Metric Tap and Die Sets

I'd like to get a tap and die set going from M3 say to M6 or M8 for

*occassional use* cuttting mild steel.

I don't want it just for cleaning and rethreading.

I just want something that is not basically ?rap! But how much can I get something for? Can it be done for say £20?

What are the manufacturers names I perhaps should be looking out for? Dormer too expensive, but say Draper? TIA.

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Well if you are talking draper may as well talk aldi. the ALDI ones are quite good ...been using them for 18 months now ...they ain't monkey metal and they do the job well without chewing up wearing or going blunt so far. ..

They stock them about every 6 months ...they are about due now

Think they are about =A36 for the whole set .

But if you want the best ...look for split dies .

all the best.markj

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Although I've not bought anything labelled Draper for many years, of the half-dozen Draper brand things I have bought have been useless with the modest exception of a wire brush and a tool roll. Useless items included a countersink bit which didn't cut, a ratchet which failed first week, pozi screwdrivers which didn't work - the common factor appeared to be Draper. Apparently they're better these days, but I've not risked it further.

J&L industrial might be a good start as they do stuff on their flyer fairly regularly, which can be (albeit slowly) read on their website. They do cheap, medium and Dormer grade stuff. Might find something there, but I can't comment on the brands as such


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hyweldavies £40 for carbon steel metric coarse set taps+dies M2 to M12 inclusive.

Their stuff comes from various manufacturers, but is usually ok. If you want good rather than ok expect to pay twice as much, from them or anyone else..

Mark Rand RTFM

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Mark Rand

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I haven't got one, and have never seen one in the flesh, so caveat emptor - but I have bought Hilka stuff before and they seem to be two steps up from the cr*p, and a step above aldi/silverline/amtech.


-- Peter Fairbrother

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Peter Fairbrother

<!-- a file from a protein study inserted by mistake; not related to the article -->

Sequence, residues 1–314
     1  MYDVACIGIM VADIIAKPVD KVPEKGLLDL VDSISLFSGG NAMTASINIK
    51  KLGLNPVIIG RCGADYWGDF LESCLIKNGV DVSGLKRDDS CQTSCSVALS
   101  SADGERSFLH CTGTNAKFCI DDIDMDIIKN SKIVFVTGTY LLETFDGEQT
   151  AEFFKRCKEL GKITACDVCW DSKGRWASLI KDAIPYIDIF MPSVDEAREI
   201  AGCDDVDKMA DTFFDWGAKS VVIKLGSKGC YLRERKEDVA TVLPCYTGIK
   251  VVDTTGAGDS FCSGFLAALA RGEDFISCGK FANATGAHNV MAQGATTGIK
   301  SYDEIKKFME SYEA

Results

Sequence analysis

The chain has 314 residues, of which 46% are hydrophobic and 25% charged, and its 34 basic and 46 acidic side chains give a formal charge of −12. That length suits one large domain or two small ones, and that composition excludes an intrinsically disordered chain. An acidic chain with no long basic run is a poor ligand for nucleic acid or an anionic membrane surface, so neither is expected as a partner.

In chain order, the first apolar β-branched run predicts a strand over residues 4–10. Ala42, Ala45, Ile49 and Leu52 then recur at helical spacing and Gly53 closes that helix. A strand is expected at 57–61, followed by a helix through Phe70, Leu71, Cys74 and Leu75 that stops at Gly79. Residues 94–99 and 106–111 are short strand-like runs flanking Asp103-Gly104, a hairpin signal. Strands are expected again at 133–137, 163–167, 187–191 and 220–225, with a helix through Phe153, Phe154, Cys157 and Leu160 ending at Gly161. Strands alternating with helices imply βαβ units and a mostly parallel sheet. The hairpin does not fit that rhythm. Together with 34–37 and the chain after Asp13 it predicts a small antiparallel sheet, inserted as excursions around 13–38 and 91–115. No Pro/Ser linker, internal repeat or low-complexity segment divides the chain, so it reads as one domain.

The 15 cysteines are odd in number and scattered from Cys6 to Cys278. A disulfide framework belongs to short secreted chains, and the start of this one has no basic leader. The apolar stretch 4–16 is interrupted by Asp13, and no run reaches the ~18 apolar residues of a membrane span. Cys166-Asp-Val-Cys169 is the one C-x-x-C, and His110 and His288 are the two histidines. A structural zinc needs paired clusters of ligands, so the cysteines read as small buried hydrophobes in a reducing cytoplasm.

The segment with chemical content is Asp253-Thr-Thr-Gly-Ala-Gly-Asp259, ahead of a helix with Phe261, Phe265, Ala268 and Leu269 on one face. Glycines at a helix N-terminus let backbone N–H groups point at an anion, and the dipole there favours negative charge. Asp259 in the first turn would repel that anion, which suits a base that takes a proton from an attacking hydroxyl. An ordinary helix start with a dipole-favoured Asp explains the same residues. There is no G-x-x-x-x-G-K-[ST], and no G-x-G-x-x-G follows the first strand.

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I always worry a bit when advertisers have to call their kit 'professional quality'


Reply to
Andrew Mawson

On or around Thu, 7 Aug 2008 14:49:33 -0700 (PDT), hyweldavies enlightened us thusly:

Stuff called "expert" is OK, but of course has a higher price tag. It's like Kamasa, they do a whole range ogf quality from "utter s**te" to "not as good as snap-on", the high end of both ranges is pretty good. Draper also own Elora now and still sell Elora tools which are still OK.

The "Value" J&L is pretty good - I've not had anything that's s**te. Branded stuff tends to be better though, such as Dormer or Hertel or Cleveland for drills.

However, for mild steel and occasional use the Value stuff will be fine. There's an issue with price though, J&L are only cheap if you happen to find what you want on special offer.

Picked up a 7"x4" approx magnetic clamp, "Value" brand, the other day, for about half normal in the August flyer. It's quite good - holds 2-3" sort of sized flat work well enough for light milling (making a 10mm slot, in this case) although cutting too hard/fast will make it move.

It also usefully has bars on 2 sides which can be raised or lowered, so you can position your workpiece up against same.

Reply to
Austin Shackles

The "Linear" range of HSS taps are not bad. I have a set 3-12mm (1st, second and plug and split dies) no problems, cost £40 IIRC. Quite nice as shanks are reduced for the 8mm 10 and 12mm allowing deep tapping.

Reply to
Richard Edwards

Yeah - it normally means the exact opposite.


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Is the Magnetic Chuck part number AUIMG-00407C the one you mean ?

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On or around Fri, 08 Aug 2008 12:23:46 +0100, Boo enlightened us thusly:

sounds like the right number. ah, I see I still have the paper to hand... yes, that's the one. I've no idea how it shapes up CF "good" ones, mind, but at the price it's not bad.

You need the AU bit in the code.

I was milling using a 10mm 2-flute cutter, in BMS, the piece is about

40x70x6mm, with various holes in it.. It's critical that the work piece is flat and clean, mind, or it doesn't grip well enough. It was OK taking cuts up to 0.5mm deep, provided you took it easy - but since I only wanted a 1mm deep slot, that wasn't a problem.

A lot less hassle than setting it up in a normal vice and getting it level.

I daresay it'd be fine for surface grinding.

Reply to
Austin Shackles

Yes, that's why I queried whether it as the same one. I'm tempted, but my main application would be aluminium and they don't make one that will work with that :-)

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On or around Mon, 11 Aug 2008 00:11:07 +0100, Boo enlightened us thusly:

you'd have to generate eddy currents or something.

Reply to
Austin Shackles

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